- sustainable water and wastewater management (sustainable infrastructure for clean and/or drinking water, wastewater treatment)
- eco-efficient and/or circular economy adapted products
- green buildings (must meet recognized standards or certifications)
These standards will become increasingly important, especially, if cost of financing for these green projects proves to be lower than similar non-green projects. Indeed, initial signs of such differentiation can already be observed on French green debt issued in June 2018, which trades at a premium (ie lower yield) to non-green debt of similar maturity. A more significant drop in cost of debt for green projects could come about if regulators incentivized banks and possibly asset managers to favor green bonds. The European Commission has taken first steps towards such a “greener and more sustainable economy” with the publication of an Action Plan and recommendations for the financial sector “to support the transition to the low-carbon economy”.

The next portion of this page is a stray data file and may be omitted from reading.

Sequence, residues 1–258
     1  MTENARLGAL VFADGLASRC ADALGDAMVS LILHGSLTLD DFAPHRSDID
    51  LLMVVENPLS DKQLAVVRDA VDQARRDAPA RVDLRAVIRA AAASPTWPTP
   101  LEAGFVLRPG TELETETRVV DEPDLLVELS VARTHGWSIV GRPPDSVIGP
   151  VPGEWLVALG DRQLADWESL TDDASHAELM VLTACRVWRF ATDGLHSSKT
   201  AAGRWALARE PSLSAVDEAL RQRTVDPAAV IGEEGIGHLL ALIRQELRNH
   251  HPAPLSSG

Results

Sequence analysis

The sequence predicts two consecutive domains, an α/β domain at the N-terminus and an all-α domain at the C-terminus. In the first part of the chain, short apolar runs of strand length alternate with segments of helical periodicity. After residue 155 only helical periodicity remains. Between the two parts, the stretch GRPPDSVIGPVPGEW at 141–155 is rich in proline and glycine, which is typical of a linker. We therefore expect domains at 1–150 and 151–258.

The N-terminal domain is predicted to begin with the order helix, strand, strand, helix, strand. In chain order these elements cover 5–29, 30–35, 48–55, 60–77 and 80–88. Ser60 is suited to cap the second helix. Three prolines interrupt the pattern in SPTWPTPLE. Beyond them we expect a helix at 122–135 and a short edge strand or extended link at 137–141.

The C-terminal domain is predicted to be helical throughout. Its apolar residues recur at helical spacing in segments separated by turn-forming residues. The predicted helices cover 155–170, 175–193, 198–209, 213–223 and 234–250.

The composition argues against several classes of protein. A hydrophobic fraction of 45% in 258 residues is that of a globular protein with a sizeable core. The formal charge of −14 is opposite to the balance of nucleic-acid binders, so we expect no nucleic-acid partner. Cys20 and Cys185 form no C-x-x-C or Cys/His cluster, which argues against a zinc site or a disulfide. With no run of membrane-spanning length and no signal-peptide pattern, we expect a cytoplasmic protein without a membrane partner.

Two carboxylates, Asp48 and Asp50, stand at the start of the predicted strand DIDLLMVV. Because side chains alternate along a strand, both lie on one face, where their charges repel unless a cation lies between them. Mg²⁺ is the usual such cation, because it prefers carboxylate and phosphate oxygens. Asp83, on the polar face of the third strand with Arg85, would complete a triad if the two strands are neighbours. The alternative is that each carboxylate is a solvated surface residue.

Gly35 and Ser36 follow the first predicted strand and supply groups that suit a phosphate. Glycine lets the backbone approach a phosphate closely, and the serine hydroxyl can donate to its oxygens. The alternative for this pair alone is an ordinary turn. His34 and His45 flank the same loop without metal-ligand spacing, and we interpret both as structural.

The publication of Green Principles for bonds and loans by the LMA is an important stage in the development of Green Finance and will allow consistent assessment and labeling of projects. These principles might become a driver of credit provision over time, as regulators incentivize lenders (ie by adjusting leverage ratios and reserve requirements for banks) to prioritize environmentally-friendly financing.
Micro Utility Partners is the first organization in Singapore (and possibly in Southeast Asia) to issue uncertified Green Bonds. A major real estate developer – City Developments Limited – followed shortly afterwards.